Gender Gap May Be Narrowing in ACS Patients, With Mortality Advantage for Elderly Women

A Swiss study found that rates of MACCE at 1 year were twice as high in older men compared with older women.

Gender Gap May Be Narrowing in ACS Patients, With Mortality Advantage for Elderly Women

Among patients age 75 and younger with ACS, men and women have similar outcomes at 1 year, a signal that the gender gap has been attenuated, say Swiss researchers. After age 75, women appear to have a mortality advantage over men that is driven in part by a lower risk of CV death.

“Although we can only speculate about the reasons for improved long-term outcomes in elderly women as compared with their male counterparts, gender-related differences in the elderly have previously been attributed to a longer history of coronary artery disease in elderly men,” write Barbara E. Stähli, MD (University Hospital Zurich and University of Zurich, Switzerland), and colleagues. “In our patient cohort, elderly women were less likely to have known coronary artery disease and prior coronary revascularization and less frequently presented with left main or three vessel disease.”

The findings add to accumulating data refuting traditional thinking that female gender is associated with adverse outcomes after either an ACS event or PCI. Registry and database studies have attributed this poorer prognosis for women in part to “the overall increased cardiovascular risk profile in women and a less aggressive treatment approach,” Stähli and colleagues note.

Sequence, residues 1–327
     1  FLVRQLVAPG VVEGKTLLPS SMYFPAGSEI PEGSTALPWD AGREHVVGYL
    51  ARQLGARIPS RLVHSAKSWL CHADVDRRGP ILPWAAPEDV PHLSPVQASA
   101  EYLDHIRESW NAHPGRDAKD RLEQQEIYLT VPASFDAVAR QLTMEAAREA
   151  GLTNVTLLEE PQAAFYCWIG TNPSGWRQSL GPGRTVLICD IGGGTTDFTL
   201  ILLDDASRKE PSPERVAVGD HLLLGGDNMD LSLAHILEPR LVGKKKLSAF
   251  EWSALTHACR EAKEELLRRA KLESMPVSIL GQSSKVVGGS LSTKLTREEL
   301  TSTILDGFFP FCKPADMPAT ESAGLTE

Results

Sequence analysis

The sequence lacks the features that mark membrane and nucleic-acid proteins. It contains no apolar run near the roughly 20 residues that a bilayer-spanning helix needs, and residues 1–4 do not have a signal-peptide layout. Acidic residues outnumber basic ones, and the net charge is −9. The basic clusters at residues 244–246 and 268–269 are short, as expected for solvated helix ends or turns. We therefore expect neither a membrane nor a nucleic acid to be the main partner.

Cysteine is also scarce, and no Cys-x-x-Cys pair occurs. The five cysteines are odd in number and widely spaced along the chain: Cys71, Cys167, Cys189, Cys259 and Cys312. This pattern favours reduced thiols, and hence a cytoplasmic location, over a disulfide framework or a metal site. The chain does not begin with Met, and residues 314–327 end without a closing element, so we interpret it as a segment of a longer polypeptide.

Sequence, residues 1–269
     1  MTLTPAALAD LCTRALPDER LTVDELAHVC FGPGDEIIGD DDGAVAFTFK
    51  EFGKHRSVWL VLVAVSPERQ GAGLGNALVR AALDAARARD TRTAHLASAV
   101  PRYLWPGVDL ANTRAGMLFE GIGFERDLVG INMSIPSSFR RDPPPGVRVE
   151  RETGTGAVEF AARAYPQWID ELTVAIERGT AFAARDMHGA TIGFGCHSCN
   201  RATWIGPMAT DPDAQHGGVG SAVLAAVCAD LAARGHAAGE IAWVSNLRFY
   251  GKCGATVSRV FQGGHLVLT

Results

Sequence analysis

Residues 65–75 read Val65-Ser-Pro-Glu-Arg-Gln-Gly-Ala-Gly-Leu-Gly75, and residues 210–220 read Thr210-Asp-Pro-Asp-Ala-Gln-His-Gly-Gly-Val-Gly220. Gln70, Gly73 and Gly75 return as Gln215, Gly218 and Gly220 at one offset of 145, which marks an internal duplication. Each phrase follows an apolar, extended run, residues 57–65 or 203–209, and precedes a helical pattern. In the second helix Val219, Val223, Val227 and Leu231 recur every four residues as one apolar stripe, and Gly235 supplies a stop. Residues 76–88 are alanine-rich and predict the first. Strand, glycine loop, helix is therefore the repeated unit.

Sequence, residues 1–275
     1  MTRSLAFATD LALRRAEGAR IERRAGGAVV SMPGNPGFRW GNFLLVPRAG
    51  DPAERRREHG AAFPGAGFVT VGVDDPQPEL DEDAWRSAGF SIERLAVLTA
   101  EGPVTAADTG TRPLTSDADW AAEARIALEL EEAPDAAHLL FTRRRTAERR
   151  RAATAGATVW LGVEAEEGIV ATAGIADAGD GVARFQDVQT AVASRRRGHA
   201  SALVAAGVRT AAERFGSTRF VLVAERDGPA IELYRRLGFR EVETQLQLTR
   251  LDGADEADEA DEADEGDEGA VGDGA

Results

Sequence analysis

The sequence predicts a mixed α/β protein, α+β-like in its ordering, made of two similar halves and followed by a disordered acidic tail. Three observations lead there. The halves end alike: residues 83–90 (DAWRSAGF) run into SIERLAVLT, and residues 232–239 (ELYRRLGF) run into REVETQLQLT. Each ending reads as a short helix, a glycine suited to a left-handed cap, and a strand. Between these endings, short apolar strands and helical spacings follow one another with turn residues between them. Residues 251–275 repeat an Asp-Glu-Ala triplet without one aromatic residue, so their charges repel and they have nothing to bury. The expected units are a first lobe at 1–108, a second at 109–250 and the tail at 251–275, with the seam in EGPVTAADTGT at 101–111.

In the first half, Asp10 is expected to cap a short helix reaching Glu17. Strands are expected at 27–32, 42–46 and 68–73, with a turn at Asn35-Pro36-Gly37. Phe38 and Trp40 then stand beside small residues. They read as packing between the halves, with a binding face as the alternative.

Sorin J. Brener, MD (NewYork-Presbyterian Brooklyn Methodist Hospital), who was not involved in the new report, said while the study is reassuring that older men and women who are selected for revascularization seem to do well, it really only provides a piece of the picture with regard to outcomes in older people.

“What we need to know is what are the rates of events in patients presenting with ACS who are older than 75 and referred for revascularization, and then also what are the rates in those not referred for revascularization,” he said in an interview with TCTMD. “That is the critical piece that is missing. This was a select population of people referred for revascularization and does not reflect all older ACS patients.”

Elderly ACS Patients Doing Well but Undertreated

For the study, published online October 2, 2018, in Catheterization and Cardiovascular Interventions, Stähli and colleagues investigated the differences in outcomes among patients with STEMI, NSTE ACS, or unstable angina referred for angiography and enrolled in the Swiss ACS Cohort between December 2009 and October 2012. Older patients (> 75 years) were less likely overall to receive coronary revascularization than those age 75 or younger (P = 0.01). While revascularization rates did not differ between older men and women, younger women were less likely than their male counterparts to undergo revascularization procedures (P = 0.04).